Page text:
Dress ups are so fun and imaginative! They let kids create, explore and really show their personality. But when it comes to containment and tidiness, they’re certainly not the neatest activity. When playing dress-ups, kids always drag out every single item to make their choice, even when they end up wearing the same superhero outfit each time. My tip for storing dress-ups: go to the op-shop or tip shop and find a vintage suitcase or two and keep dress-ups in there. This makes clean-up super quick. Kids, especially pre-schoolers, can easily plonk items in a suitcase to put away. Don’t go buying cute, fancy dress-up hangers because, I can assure you, you will be the one hanging everything back up. Afterwards, the suitcases can be neatly stacked in a corner or stored under a bed.
Tubs that fit the toy
When buying a new toy, think about how you’re going to store it. Where can you see it living in the house? Does it have a space already? Do you already have storage for it, or do you need to buy a new tub? Often we make the mistake of buying the toy, getting it home and then trying to find a spot for it, or trying to stuff it into a tub that it doesn’t fit into. When purchasing a toy, purchase the storage to go with it – and make sure it fits!
Oh, the wonderous joy of never-ending artwork! How do we tame it? Tell me the ways! One of the joys of having creative young beings is receiving their beautiful artwork. However, joy can easily turn into overwhelm at the sheer volume of artwork produced! And it can be tricky to store: it’s not all A3-sized paper. Sometimes it’s box work, sometimes it’s slabs of butchers paper, clay models, bead necklaces, ‘sewing’, sculptures, popsicle sticks… In fact, now that I’ve stared listing them all, I’m thinking that this is whole other blog post of its own! However, my main tip is this: if you have a young artist in your life, encourage them, give them room and make an artwork tradition that suits your family. Get them to choose their favourite pictures and stick them on the fridge for a bit. Once they come down, keep them in a 52-litre tub stored at the bottom of a wardrobe/linen closet. When you have enough, send a collection away to make a book. There are some fantastic businesses that do this for you.
When it comes to bulky items like box work, make a family tradition here too. Let kids play with their creations until they fall apart and/or take photos of them and make a box work album. For my son, we made a tradition where he brought his box work creations home from school and put them on his top bunk. At the end of the semester, I put them in our garage. He may occasionally ask me to get one out to play with. We’ve also taken pictures to make a box-work book. Finally, I told him to choose his favourite 10 pieces, and they are now in our deep storage. And the rest? We had a fire (which he joyfully lit) and away they went. I do need to explain here that my son did box work every single day at school for a long time. He has Autism and his reward for doing his tasks at school was box work. So it was not just a small collection of box work and we don’t have a big house. So we had to come up with a meaningful way for him to celebrate his work, honour his favourites and let go of the rest. And there lies the key when thinking about children’s artwork: think about how you can celebrate it, treasure it and let go of it in an honouring way.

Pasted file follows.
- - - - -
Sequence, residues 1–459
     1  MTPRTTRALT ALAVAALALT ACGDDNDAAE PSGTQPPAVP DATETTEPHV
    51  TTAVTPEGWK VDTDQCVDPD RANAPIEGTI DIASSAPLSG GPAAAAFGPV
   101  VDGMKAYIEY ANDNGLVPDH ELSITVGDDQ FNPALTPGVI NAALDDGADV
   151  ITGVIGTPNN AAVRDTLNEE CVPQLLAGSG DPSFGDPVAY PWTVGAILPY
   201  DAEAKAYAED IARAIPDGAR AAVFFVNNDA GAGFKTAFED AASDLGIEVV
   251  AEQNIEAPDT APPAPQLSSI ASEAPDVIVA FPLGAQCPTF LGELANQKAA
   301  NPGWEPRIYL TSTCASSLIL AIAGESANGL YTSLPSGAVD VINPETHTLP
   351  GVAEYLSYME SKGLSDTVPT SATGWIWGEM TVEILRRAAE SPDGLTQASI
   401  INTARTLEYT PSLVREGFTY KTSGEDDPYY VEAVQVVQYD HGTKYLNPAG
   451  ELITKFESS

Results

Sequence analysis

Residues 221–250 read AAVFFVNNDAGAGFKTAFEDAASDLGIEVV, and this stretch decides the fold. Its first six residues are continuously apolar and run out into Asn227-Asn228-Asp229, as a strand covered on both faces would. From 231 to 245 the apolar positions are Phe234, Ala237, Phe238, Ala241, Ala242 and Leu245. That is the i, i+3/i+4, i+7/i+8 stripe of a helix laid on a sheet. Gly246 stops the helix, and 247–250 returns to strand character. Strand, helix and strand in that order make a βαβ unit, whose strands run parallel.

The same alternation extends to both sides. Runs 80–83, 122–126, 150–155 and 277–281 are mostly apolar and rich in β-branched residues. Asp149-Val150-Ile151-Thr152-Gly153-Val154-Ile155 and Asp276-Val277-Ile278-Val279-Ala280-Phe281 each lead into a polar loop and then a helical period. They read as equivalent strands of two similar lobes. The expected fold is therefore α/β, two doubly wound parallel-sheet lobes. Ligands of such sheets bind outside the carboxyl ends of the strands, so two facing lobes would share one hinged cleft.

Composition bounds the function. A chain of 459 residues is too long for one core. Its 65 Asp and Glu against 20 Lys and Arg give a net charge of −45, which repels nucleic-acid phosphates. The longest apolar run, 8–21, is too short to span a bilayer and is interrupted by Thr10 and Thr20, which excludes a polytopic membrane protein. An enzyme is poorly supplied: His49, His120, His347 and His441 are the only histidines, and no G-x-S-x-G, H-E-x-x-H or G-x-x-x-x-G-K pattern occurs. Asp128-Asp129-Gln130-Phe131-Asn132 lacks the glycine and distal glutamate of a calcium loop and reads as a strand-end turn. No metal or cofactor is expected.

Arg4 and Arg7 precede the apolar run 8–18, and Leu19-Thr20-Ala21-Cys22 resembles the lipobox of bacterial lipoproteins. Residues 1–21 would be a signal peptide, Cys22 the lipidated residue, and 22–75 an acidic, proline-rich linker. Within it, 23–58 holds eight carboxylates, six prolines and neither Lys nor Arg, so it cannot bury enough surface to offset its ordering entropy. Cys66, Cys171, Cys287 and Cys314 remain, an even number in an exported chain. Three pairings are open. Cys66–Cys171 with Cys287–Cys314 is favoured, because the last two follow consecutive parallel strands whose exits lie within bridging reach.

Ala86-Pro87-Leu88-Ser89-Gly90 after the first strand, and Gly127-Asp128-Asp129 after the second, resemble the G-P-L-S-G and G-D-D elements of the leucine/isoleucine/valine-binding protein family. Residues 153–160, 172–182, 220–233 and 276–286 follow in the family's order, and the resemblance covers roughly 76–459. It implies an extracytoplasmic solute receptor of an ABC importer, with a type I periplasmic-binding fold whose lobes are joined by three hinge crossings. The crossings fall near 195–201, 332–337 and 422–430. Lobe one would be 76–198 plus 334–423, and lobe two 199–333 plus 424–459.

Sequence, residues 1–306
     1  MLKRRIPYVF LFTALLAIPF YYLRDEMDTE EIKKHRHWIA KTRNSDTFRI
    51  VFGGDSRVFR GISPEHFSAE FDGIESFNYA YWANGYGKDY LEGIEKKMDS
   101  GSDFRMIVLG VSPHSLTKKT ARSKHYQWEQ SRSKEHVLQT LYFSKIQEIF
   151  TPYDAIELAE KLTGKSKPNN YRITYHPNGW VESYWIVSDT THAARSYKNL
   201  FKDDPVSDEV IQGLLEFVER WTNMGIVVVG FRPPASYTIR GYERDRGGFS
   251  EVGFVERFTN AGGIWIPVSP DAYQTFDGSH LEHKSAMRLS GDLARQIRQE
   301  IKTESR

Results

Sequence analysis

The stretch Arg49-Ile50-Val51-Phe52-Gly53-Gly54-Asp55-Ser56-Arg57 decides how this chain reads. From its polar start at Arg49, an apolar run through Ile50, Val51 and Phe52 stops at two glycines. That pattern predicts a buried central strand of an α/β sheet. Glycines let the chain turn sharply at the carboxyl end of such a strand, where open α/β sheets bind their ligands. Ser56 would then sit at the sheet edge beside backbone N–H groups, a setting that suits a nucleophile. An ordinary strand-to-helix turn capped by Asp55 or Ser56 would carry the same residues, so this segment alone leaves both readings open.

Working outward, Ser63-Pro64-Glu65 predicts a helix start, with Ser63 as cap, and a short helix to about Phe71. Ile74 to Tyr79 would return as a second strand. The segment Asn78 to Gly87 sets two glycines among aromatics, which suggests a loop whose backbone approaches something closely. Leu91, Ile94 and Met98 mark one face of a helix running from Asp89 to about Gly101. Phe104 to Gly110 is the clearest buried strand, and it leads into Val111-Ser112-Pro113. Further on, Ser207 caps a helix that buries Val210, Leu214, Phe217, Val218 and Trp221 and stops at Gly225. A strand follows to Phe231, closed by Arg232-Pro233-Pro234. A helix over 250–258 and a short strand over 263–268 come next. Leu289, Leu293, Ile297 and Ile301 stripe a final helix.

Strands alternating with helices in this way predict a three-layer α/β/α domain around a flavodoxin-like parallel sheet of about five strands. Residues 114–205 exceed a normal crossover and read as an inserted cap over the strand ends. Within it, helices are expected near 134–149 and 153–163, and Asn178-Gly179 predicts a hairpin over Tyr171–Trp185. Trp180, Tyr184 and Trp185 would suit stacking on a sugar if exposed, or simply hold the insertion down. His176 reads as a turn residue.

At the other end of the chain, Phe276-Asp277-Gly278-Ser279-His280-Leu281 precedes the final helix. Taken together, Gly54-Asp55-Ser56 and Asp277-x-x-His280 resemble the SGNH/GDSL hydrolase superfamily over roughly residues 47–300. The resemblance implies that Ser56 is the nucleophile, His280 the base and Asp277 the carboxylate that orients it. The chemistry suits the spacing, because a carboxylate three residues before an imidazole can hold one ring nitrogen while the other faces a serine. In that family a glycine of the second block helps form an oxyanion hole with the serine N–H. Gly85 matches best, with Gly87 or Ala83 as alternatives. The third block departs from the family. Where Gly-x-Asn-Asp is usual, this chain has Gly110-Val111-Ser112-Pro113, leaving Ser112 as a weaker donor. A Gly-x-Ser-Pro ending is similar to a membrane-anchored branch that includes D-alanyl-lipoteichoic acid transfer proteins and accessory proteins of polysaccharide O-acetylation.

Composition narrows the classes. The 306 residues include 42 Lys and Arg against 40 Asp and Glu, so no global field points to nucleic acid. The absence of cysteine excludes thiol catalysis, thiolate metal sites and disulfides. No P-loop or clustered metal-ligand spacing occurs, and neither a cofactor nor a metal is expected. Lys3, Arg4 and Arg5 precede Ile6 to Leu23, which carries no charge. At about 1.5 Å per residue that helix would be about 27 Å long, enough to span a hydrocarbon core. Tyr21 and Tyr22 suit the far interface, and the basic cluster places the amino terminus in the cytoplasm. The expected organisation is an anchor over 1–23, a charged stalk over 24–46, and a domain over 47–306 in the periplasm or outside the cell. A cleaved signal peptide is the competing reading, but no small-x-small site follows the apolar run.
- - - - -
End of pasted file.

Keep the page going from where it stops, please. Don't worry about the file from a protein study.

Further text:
The best storage tip for Lego is to look at how your child plays with it. Do they build the set and want it to be displayed on a shelf, never to be touched again? Do they build the set once, then it comes apart and goes into the big pile, never to be resurrected again? Do they like doing the same set over and over? Do they only ever build their own creations? Do they make Lego towns, scenes, stop-motions? Knowing how your child plays with Lego is the key to finding out what kind of storage will work for them. I have a little guy who is obsessed with Lego. He loves to build a set once and leave it intact for a while. Over time he pulls pieces off the set to create other things, and eventually it’s all mixed into the ever-increasing pile. For ages I tried taming the Lego. I got containers and sat sorting Lego for hours at a time, only for the containers to be emptied out and mixed up. I soon realised that was how I wanted it, not how he wanted it. So now our Lego sits in an empty single box-bed base with drawers in the lounge room, and my boy is as happy as ever sitting amongst it, creating his creations. For children who love building the same set over and over, invest in lunchbox-sized containers that are all the same brand so they stack together neatly. Put each set (and its instructions) in its own container. Depending on the size of your collection, this may end up taking up a lot of space. You may need to set up a dedicated space to store sets this way.
Sticks and stones, shells and mud kitchens, bulky toys, cricket bats and balls, toy trucks, such is the joy of outdoor play. My tip for the never-ending rock collection: have a dedicated bucket near the door for rocks and stones. An outdoor toy box is your best storage solution, make sure it’s watertight, bug-proof and snake-proof, and can fit your bigger, bulker outdoor toys. It will get messy and need a regular clear out. Sandpit toys can stay in the sandpit – just make sure you have a cover and pull the cover over the sandpit at the end of play.